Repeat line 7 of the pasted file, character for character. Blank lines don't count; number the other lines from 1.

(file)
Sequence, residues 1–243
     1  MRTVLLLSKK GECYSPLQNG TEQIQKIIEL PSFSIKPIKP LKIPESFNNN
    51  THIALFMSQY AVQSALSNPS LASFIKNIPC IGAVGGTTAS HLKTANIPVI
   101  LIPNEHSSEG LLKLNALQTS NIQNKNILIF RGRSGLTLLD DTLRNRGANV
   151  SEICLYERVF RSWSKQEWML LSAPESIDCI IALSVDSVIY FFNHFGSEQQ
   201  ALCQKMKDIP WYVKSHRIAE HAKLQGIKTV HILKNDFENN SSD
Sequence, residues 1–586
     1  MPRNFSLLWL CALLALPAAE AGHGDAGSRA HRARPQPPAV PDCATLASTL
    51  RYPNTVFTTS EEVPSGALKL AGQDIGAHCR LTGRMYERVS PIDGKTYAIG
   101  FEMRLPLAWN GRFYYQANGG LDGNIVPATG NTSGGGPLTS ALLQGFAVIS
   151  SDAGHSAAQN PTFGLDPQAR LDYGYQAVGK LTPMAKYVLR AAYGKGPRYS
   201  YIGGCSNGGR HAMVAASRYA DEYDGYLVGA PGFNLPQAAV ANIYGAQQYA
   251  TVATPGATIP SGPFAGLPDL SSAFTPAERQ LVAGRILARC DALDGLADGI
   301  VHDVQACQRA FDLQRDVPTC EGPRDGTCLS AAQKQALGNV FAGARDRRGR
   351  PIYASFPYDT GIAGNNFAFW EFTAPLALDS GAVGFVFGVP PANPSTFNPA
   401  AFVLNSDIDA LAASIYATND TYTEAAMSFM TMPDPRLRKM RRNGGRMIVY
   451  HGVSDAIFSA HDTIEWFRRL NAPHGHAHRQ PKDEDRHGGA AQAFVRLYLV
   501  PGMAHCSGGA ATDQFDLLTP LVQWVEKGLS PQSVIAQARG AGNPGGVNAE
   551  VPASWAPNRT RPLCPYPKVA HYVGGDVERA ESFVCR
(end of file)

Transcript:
Sequence, residues 1–586